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June 27th, 2007

Book Review: “It Chicks”

Remember “Fame”?  It was that awesome 1980s film with 1970s
sex appeal, where socio-economically diverse kids went to the most
challenging art high school in New York? As these kids were the best of the best the competition was intense; “You want
fame? Well, fame costs. And right here is where you start payin’, in
sweat. Fame! I’m gonna live forever! I want to learn how to fly, high!”

With that catchy tune ringing in your ears, fast forward 20+ years to the present and find yourself in the middle
of Armstrong High School, diving into the first
page of Tia William’s book “It Chicks”—the first installment of Tia’s soon-to-be-published teen
series. Its contents are reminiscent of
every 30-something’s favorite classic film (mentioned above), and it’s sure to entertain adults as
well as kids.

When I first started reading “It Chicks,” I had to take a step back and remember that I am a 30-something reading a book written for a
teenager.  After adopting to
the pop writing style, I was able to delve in. From the start, Tia’s method of drawing a relationship between the reader and characters made it easy to befriend each player. Within the first few pages I immediately felt attached
to the main character, Tangie, and started pulling for her career as a dancer,
as well as her too-young-to-be-in-love confused relationship with her "almost"
man, CJ.

This is one of the books multiple strengths; though all
of the characters attend the same high school, the nature of each character is
vastly different. Everyone who reads
this book will be able to relate to one of the individual’s and
their independent journeys; their insecurities, their strengths and their strengths used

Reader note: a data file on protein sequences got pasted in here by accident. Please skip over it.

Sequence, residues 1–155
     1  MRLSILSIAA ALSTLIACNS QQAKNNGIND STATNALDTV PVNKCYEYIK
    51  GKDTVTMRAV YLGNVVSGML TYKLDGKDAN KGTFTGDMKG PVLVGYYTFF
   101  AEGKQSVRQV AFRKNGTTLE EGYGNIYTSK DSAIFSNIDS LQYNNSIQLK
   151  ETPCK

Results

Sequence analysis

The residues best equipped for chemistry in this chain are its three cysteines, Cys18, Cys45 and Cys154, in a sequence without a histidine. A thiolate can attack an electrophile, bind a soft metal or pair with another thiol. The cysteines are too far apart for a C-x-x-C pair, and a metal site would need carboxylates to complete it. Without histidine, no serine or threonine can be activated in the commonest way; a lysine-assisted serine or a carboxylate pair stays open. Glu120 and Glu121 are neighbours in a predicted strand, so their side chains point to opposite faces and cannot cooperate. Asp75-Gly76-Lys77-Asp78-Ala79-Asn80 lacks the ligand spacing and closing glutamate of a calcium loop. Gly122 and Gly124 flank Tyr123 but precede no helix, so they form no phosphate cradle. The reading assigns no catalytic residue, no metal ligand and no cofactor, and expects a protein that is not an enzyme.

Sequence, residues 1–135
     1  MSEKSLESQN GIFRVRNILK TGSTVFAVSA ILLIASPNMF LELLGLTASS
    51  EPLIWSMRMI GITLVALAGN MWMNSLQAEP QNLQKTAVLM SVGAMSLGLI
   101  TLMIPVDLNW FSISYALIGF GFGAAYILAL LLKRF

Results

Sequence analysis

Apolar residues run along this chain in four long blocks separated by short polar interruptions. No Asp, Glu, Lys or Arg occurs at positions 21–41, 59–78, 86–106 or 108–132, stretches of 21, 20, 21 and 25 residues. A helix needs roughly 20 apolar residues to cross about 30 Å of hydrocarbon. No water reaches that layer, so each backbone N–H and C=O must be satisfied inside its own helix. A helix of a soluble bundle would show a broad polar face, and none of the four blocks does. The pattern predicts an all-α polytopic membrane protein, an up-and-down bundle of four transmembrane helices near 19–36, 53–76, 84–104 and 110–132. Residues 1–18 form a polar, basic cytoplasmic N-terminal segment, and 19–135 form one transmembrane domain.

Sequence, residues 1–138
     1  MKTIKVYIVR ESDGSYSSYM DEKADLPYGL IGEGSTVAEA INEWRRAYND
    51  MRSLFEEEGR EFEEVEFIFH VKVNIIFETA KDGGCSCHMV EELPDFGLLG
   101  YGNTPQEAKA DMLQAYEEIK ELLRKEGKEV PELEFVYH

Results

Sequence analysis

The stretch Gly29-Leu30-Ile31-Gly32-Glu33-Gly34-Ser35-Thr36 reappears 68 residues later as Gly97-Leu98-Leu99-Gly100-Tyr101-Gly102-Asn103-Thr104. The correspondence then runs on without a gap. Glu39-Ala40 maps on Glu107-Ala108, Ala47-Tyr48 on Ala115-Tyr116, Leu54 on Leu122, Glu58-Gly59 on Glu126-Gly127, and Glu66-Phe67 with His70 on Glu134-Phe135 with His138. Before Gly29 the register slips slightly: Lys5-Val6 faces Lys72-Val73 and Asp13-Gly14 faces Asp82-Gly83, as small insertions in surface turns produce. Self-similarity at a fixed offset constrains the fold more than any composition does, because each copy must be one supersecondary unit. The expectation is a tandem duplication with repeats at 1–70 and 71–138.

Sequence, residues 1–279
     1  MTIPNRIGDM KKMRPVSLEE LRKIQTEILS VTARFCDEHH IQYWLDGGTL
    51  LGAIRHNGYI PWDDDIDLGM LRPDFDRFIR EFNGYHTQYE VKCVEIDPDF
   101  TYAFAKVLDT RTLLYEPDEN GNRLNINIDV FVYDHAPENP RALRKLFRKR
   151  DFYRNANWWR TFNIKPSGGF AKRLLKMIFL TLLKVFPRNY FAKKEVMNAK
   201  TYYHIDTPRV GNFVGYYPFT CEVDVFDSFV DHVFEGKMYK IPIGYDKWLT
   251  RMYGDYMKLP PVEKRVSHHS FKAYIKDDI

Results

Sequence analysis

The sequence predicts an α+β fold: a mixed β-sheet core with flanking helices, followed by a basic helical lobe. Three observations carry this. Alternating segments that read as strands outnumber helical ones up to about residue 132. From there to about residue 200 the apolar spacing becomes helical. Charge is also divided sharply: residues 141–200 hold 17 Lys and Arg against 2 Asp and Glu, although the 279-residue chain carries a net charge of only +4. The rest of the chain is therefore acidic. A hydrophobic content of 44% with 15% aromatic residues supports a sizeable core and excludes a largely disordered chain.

to mask their insecurities. The reader
is there as the characters struggle through the disconnect between the mind and
the heart, searching wildly for their place in the world—all while traveling
through an uncertain time in life called ‘high school.’ These kids were not only trying to find their
place in high school, but they are in a performing arts high school
where every aesthetic aspect of their body and mind is critiqued to the point
of ridicule.

Shoot, like normal high
school wasn’t hard enough!

 

The characters are what really make this story, and Tangie is who we center the most attention on.  Tangie’s struggle with her insecurities of being
constantly surrounded by the uber-skinny “bun heads” is heartbreakingly fascinating—sometimes we truly are our own worst enemy.

Other main players include CJ, Tangie’s love interest who is a "rough around the edges" artist with a bigger heart than he lets on.  Then there’s Skye, the leader of the popular “It Chicks”
clique, a true competitor who’s
ego only hides her insecurities. 

Through all these various characters, their talents, and
the drama that pursues, Tia creates a web of entertainment worth reading. Though the characters and their tales are
fictional, there is a realness to her story telling which grasps the readers
attention, making the reader anxiously turn from one page to the next, no
matter how old we are.

 

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